The immigration debate threatens to tear the Republican Party apart–not because of disagreements over the principle of immigration reform, but because of disagreements over strategy and tactics that may become insurmountable. The party leadership, believing that immigration reform will appeal to Hispanic voters, is attempting to impose its will on rank-and-file conservatives who object to current legislative proposals.
The recently-passed Senate immigration bill includes provisions for border security as well as the legalization of illegal aliens. Conservatives believe, however, that legalization must be contingent on border security, since the Obama administration has a record of refusing to enforce laws it does not like. Neither the so-called “triggers” in the bill, nor the new spending on border security, provide adequate guarantees, conservatives say.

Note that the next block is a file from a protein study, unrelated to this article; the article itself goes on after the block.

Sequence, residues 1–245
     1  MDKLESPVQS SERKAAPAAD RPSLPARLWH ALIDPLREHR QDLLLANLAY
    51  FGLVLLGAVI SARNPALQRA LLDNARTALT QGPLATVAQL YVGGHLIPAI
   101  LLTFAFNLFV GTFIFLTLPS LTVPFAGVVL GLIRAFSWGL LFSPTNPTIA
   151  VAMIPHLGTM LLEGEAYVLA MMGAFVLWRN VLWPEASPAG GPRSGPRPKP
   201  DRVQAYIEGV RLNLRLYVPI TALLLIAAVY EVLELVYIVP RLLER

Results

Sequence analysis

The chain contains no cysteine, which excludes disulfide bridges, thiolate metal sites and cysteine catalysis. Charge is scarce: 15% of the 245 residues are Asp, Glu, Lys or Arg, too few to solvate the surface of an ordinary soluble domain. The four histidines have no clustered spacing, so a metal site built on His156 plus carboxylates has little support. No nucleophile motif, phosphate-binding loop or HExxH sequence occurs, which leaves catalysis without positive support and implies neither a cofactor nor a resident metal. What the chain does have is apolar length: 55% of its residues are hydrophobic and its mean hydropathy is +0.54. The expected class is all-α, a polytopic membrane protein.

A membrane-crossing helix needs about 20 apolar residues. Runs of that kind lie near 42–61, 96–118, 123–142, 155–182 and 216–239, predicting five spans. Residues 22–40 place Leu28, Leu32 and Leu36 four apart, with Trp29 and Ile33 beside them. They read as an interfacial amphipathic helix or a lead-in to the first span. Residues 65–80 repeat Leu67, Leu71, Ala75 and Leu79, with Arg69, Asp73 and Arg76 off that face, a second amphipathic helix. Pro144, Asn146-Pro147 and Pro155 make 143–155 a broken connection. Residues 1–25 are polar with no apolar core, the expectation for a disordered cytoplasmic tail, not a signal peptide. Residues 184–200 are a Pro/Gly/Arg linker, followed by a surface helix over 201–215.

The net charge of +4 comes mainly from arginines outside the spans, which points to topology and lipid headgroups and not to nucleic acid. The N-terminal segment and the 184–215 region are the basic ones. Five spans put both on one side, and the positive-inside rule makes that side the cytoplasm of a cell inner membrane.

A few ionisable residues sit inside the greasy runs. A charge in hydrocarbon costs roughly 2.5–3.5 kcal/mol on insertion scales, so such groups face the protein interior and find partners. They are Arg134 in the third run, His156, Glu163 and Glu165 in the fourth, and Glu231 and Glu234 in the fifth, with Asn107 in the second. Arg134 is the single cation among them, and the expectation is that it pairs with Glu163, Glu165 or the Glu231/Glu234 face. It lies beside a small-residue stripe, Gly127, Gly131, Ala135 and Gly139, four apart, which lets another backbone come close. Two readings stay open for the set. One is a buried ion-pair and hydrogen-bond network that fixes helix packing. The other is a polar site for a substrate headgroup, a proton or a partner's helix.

Republican leaders concede these arguments, but argue that failing to pass any legislation now will simply make the problem worse. Privately, some of the same Republican leaders argue for passing the legislation for purely political reasons, in order to stop the attrition of Hispanic voters. The party’s recent internal “autopsy” insists bluntly that Republicans “must embrace and champion comprehensive immigration reform.” Period.